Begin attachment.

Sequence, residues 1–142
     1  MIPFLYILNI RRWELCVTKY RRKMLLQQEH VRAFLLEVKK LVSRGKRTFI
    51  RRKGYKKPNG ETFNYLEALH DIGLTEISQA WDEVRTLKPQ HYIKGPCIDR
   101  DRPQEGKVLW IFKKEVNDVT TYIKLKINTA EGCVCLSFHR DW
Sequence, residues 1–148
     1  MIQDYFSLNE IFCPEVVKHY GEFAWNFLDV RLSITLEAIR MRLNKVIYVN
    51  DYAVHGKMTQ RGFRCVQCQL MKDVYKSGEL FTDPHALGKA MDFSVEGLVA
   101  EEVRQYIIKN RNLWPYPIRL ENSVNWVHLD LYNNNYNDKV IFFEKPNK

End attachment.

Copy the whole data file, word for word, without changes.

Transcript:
Sequence, residues 1–142
     1  MIPFLYILNI RRWELCVTKY RRKMLLQQEH VRAFLLEVKK LVSRGKRTFI
    51  RRKGYKKPNG ETFNYLEALH DIGLTEISQA WDEVRTLKPQ HYIKGPCIDR
   101  DRPQEGKVLW IFKKEVNDVT TYIKLKINTA EGCVCLSFHR DW
Sequence, residues 1–148
     1  MIQDYFSLNE IFCPEVVKHY GEFAWNFLDV RLSITLEAIR MRLNKVIYVN
    51  DYAVHGKMTQ RGFRCVQCQL MKDVYKSGEL FTDPHALGKA MDFSVEGLVA
   101  EEVRQYIIKN RNLWPYPIRL ENSVNWVHLD LYNNNYNDKV IFFEKPNK